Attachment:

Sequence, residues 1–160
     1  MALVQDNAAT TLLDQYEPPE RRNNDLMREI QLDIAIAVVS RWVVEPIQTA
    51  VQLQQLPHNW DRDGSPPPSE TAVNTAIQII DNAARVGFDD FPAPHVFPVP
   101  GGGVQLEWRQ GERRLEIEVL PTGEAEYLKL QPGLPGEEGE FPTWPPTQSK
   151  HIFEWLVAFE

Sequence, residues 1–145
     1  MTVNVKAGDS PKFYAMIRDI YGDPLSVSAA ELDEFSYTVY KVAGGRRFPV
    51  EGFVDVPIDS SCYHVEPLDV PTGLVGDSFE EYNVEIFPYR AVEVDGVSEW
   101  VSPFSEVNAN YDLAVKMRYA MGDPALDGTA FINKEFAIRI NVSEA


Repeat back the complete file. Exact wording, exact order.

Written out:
Sequence, residues 1–160
     1  MALVQDNAAT TLLDQYEPPE RRNNDLMREI QLDIAIAVVS RWVVEPIQTA
    51  VQLQQLPHNW DRDGSPPPSE TAVNTAIQII DNAARVGFDD FPAPHVFPVP
   101  GGGVQLEWRQ GERRLEIEVL PTGEAEYLKL QPGLPGEEGE FPTWPPTQSK
   151  HIFEWLVAFE

Sequence, residues 1–145
     1  MTVNVKAGDS PKFYAMIRDI YGDPLSVSAA ELDEFSYTVY KVAGGRRFPV
    51  EGFVDVPIDS SCYHVEPLDV PTGLVGDSFE EYNVEIFPYR AVEVDGVSEW
   101  VSPFSEVNAN YDLAVKMRYA MGDPALDGTA FINKEFAIRI NVSEA